BEATRICE, NEB. - The man who helped grow a southeast Nebraska radio station and a Lincoln TV station into the giants they are today, is getting an honor from his home county museum.

Mel Mains helped grow KWBE radio in Beatrice and 10/11 KOLN TV in Lincoln, into two of the best known stations statewide.

Now, with the help of his wife Karen, a display on his life is up at the Gage County Museum.

“He was quite an icon in Beatrice and the state of Nebraska,” Karen Mains said. “He was known all over the state and in part of Kansas.”

Mel Mains was born in the southeast Nebraska town of Holmesville, about 10 miles east of Beatrice. In 1949, he first went on air with KWBE-Beatrice, on the stations first staff. He later became the stations News and Farm Director. He then ventured on to work in Iowa and Kansas City, before a short stint in the Army during the Korean Conflict. Upon return, he began work at KOLN, in Lincoln.

Museum Director Cassandra Dean says the idea for the exhibit came from Karen, thinking of ways to celebrate KWBE’s 75th Anniversary, which was June 12.

“She goes, ‘Can we do something to help KWBE celebrate 75 years, could we add a Mel Mains exhibit?’” Dean said. “I said of course!”

The exhibit includes Mel’s famous cuff links, worn each newscast, as well as awards, including his 2003 Nebraska Broadcasters Association Hall of Fame induction plaque, and other relics throughout his career.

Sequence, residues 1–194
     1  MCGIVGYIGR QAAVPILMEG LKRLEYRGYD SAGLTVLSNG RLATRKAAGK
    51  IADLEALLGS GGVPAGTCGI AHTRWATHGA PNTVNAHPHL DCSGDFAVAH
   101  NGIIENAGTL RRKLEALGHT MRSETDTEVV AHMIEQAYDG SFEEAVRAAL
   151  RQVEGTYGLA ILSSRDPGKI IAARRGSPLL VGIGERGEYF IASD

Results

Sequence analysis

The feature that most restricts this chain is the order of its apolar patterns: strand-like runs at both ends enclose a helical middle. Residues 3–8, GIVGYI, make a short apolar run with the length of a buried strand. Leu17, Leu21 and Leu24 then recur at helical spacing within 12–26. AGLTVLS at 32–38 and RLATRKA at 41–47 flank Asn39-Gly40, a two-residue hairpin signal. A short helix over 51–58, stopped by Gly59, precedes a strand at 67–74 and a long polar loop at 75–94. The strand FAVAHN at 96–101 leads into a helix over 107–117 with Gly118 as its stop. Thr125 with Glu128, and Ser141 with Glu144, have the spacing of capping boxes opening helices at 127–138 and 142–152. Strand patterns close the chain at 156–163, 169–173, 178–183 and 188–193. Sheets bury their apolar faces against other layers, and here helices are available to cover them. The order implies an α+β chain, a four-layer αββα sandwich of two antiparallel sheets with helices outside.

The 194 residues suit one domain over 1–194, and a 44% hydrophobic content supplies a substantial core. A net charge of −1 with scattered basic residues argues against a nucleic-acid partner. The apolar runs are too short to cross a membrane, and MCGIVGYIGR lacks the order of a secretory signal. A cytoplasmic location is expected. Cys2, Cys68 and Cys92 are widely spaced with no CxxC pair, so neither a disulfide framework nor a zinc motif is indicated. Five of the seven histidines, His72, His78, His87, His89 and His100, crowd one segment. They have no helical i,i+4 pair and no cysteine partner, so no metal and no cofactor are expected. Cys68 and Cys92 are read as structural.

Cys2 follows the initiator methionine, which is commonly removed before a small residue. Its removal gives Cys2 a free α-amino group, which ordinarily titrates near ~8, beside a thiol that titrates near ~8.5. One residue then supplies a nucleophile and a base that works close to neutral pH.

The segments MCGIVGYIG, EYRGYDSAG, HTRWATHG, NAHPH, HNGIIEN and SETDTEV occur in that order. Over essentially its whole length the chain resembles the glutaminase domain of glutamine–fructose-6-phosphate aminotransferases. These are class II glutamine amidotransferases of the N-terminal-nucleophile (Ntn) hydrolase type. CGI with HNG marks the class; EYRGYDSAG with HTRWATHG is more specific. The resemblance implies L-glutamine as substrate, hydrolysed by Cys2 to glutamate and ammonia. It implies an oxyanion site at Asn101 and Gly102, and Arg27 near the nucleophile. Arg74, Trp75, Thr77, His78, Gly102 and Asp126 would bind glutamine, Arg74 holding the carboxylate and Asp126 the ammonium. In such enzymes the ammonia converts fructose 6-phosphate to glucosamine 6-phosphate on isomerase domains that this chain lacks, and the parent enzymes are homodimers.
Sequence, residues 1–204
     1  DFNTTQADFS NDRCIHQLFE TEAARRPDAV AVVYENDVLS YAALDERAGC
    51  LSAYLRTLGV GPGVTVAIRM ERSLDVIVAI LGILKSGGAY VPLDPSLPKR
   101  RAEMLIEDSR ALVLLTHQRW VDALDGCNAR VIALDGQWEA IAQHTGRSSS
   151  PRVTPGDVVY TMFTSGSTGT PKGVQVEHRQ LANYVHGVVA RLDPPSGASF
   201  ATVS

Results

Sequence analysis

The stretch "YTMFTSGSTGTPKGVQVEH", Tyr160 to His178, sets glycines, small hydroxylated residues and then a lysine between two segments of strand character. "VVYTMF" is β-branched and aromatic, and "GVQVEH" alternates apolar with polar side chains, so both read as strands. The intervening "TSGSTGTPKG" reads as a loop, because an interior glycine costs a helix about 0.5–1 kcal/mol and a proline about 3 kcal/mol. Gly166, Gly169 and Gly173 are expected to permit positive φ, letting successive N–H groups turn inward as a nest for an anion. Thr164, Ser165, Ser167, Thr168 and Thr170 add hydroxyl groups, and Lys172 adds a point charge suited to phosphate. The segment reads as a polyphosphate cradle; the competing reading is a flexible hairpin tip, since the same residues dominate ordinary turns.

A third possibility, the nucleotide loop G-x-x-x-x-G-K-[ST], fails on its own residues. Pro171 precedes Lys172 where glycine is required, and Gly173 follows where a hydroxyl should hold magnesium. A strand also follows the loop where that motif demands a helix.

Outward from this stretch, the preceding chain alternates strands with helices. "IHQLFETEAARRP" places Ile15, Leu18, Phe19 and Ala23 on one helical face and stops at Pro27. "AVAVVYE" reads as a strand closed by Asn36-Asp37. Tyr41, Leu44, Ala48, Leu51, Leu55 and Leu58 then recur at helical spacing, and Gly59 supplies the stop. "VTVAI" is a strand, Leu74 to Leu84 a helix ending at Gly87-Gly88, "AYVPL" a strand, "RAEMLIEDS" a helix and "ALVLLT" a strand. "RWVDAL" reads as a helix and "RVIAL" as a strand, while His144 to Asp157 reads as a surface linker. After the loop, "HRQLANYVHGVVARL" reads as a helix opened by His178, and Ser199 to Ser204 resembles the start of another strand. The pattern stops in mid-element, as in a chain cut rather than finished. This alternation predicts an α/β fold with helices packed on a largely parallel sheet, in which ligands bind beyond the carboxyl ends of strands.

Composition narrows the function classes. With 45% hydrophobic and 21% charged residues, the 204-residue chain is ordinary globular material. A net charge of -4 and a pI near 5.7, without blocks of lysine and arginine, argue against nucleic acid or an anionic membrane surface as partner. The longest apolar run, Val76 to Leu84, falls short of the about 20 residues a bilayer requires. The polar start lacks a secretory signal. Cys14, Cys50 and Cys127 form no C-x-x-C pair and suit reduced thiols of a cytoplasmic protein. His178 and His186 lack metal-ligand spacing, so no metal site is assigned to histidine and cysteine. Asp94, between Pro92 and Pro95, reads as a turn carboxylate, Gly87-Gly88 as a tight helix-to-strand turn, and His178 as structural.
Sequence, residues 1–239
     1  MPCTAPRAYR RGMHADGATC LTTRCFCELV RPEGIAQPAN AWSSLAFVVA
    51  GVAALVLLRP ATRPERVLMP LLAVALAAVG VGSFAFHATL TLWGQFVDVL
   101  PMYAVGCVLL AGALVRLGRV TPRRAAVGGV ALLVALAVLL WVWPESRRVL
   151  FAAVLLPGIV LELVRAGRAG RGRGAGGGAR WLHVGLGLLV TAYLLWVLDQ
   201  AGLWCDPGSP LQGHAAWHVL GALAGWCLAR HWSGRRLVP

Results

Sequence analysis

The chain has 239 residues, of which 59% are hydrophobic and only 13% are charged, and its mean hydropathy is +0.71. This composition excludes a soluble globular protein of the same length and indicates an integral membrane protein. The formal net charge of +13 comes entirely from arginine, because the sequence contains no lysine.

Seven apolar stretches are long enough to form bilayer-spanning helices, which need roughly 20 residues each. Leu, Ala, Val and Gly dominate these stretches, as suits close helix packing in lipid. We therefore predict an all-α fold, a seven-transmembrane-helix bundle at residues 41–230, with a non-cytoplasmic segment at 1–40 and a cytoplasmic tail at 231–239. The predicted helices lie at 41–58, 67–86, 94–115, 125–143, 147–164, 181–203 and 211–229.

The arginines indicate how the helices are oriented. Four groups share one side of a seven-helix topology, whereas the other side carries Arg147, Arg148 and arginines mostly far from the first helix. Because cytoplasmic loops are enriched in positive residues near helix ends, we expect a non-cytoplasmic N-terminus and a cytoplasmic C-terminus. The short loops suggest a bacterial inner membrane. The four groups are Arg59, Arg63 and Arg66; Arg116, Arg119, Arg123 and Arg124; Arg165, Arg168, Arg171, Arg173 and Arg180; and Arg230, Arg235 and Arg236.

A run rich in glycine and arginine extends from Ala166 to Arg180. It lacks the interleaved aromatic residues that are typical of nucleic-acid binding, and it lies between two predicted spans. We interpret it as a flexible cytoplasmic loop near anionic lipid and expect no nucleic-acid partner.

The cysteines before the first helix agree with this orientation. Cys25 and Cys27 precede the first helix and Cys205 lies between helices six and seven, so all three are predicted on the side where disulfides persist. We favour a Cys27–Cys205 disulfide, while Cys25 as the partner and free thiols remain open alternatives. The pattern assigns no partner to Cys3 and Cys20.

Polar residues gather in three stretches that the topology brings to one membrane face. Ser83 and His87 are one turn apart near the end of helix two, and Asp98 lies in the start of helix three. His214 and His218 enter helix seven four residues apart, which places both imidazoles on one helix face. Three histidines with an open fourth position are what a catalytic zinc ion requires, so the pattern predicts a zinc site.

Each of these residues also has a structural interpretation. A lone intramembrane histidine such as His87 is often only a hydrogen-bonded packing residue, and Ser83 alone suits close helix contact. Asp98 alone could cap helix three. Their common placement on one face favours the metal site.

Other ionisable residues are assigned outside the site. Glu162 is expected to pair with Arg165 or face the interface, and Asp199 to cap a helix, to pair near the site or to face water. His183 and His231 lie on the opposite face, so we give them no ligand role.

After a long career in broadcasting, Mel Mains passed away in May of 2003, at the age of 73, after a battle with cancer. Karen remembers Mel as a kind and welcoming figure to her and her family, as well as a caring and detail oriented broadcaster.

“He was a kind man,” Mains said. “He wanted every name he pronounced to be correct. He’d call places and ask how to pronounce names for sure. He never wanted to make the mistake of pronouncing a name wrong or a town wrong or have anything be wrong.”

After a long career with several stops in between, Mains returned to KWBE part-time as an afternoon news anchor, where he’d bring his 50 plus year career to a close. This week, KWBE is celebrating 75 years of broadcasting - something Karen knows would have meant the world to Mel.

“He would be so proud, he was so proud for 50 years,” Mains said. “He was very happy to be there, and all the memories when it was first turned on… He was there when they put up the tower, he got the job, and he had the voice. He had a special voice that everyone knew and could understand. He was a special man.”

The exhibit will remain on display through October. KWBE will celebrate their 75th Anniversary on Friday night at Charles Park, 6-10 PM. Entry costs $2 or a donation to the Beatrice food bank.